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1960s Landscapes in the Help

Nearly a year ago, now, I got a request through the blog for more information about the early 1960s landscape, about which little (so far!) has been written. It was for a film, for the exterior setting of a ranch house in the American South in which lived a couple with one young child and one on the way and who were aspiring to social status. This was the house:

The foundation plantings are right but they would have been new and raw in 1960; small and tentative, as aspirational as the couple in the house. One of the most telling features of the landscape is actually the pole light; its white cap is just visible in the above photo near the front door.  Lighting not just the house but the yard was definitely a luxury, and became a tell-tale sign of class in the 1950s. Watch for it in the movie; the set designers appropriately show the light emphasized with garish annuals around its base.

I also recommended some newly planted rose bushes surrounded by box...Jacqueline Kennedy had renovated and replanted the White House Rose Garden in the early 1960s  and her influence on American women was pervasive.  You can see the rose garden in the first part of the Kennedy home movie below.   But that recommendation didn't make it into the movie. 

(for a look at the White House gardens over time, see the lovely series of historical photographs of the Rose Garden (the West garden) and the East Garden at the White House museum.) 

So I sent this advice, and promptly forgot about it. But the movie has just been released…it was The Help, about the struggles of the black women who worked in the households of well-to-do whites in Jim Crow Mississippi.

I watched it today in a movie theatre in the most prosperous square miles of Nashville Tennessee, right across the parking lot from the offices of the Junior League. When you see the movie you’ll understand what that means. The mid-day crowd of ladies-who-lunch was of a social type peculiar to the American South; of a piece with the women depicted in the film except with sleek bobs instead of 1960s bouffants. The strands of pearls were still in evidence, and the yard lights still glow over their front sidewalks. But on this day their laughter was at times too loud to have come from a comfortable place.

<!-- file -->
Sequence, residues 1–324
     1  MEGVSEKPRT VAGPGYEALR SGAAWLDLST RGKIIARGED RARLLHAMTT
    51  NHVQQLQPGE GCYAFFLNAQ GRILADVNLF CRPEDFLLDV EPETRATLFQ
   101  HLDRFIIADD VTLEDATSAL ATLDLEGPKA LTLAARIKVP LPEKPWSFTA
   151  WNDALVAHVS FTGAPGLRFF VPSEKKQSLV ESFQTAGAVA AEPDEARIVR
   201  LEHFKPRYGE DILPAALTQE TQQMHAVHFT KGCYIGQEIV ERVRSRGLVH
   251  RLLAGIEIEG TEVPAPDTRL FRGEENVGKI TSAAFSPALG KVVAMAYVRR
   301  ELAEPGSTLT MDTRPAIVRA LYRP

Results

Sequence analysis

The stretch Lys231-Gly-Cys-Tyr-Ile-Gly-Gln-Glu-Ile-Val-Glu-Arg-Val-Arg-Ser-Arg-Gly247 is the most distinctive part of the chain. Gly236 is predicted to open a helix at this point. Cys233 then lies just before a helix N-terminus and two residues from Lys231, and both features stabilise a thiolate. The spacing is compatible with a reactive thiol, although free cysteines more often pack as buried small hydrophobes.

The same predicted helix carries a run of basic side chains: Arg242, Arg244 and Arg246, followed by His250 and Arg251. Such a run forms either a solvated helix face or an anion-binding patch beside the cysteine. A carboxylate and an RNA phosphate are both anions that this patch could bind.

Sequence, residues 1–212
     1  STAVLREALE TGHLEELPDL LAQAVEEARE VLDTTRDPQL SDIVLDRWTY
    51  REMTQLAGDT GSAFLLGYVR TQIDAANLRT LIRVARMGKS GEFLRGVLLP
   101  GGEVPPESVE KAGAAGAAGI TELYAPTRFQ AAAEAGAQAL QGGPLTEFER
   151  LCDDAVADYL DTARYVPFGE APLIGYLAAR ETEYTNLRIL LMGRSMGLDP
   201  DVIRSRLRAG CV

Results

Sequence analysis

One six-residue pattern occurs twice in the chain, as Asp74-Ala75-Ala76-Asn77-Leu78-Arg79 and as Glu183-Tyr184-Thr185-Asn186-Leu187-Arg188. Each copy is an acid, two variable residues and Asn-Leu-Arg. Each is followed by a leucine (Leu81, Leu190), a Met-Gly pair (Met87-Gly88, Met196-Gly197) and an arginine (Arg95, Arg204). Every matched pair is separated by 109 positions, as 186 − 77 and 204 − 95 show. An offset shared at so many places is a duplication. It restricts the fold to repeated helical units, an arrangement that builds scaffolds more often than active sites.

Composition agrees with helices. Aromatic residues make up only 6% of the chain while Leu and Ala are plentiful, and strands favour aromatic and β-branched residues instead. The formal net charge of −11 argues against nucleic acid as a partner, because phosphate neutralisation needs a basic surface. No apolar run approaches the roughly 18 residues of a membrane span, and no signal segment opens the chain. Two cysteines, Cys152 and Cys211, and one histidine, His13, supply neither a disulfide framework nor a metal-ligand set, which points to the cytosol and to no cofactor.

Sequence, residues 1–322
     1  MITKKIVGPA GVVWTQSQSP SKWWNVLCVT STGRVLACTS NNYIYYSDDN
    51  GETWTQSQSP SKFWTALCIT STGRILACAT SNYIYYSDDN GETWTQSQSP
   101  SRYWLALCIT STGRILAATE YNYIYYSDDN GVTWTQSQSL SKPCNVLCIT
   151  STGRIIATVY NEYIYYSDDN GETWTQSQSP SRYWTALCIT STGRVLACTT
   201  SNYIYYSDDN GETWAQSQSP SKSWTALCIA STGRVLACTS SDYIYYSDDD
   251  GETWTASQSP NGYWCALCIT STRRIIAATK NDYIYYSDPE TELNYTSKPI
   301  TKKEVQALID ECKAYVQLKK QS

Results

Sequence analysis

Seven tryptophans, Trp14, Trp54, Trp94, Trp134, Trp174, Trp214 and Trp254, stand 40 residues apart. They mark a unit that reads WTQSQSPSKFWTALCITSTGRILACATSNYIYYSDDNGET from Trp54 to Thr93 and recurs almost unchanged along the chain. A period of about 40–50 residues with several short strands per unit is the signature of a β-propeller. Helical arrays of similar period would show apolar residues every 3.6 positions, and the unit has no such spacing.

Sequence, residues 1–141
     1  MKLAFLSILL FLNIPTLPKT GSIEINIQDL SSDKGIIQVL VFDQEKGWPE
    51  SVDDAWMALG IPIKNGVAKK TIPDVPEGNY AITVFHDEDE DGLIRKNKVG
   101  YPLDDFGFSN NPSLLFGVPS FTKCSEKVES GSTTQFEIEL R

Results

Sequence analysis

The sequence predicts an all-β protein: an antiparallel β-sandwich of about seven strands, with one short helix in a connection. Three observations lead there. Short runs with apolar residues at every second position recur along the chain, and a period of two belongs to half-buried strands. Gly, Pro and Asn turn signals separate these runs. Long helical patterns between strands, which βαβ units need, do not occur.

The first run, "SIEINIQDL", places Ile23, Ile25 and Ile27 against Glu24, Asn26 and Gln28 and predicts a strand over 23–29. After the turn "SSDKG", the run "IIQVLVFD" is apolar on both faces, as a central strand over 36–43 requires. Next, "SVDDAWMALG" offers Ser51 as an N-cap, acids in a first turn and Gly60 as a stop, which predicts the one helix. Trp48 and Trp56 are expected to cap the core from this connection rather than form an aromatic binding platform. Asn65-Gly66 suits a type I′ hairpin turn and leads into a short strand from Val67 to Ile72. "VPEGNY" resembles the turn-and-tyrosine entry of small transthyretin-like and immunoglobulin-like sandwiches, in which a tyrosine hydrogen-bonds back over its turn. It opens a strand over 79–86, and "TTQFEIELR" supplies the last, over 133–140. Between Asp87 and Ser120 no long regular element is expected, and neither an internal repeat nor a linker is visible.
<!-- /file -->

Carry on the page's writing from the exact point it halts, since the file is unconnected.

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College Gardener said...

I saw The Help with my parents on Sunday and we all thought it was a great film, so it was really cool to read that you contributed to it in this way. My parents recently bought and renovated a Mid-Century Modern home in Michigan and are very enamoured of the styles and design of that period so we were actually paying close attention to both the interiors and the landscaping in the film. At the same time - and perhaps this relates somewhat to your impression of the ladies-who-lunch in the modern-day South watching the movie - it was weird to realize what moral failure and even flat-out evil may have played out amongst once favorite period furniture and antiques. Unfortunately there were and still are way too many Hillies in the world...

MulchMaid said...

Having just read The Help, I was fascinated to hear about your connection to the film. Our 1956 ranch is not landscaped now at all as it would have been in its first decade, but although I enjoy finding mid-century furnishings, I confess my plant-lusting nature wouldn't permit such garden fidelity to the period. Your most interesting point, to me, is that all the plantings would have been new and young. I suppose that's the critical difference between depicting, and actually living and gardening over time in a place.

Thanks for this timely post!

Brent said...

You must feel rewarded to have have some influence on the movie set. Congratulations.

I'm planning to see the movie this weekend, so I'll keep an eye out for the gardening elements that you mentioned.

Thomas Mickey said...

Just saw the movie and loved it. The interior designs were so real, but the landscapes also speak to that time as well. I remember the foundation plantings at my Uncle's house in the suburbs. He had money and could afford that landscape. That was what it meant to me.

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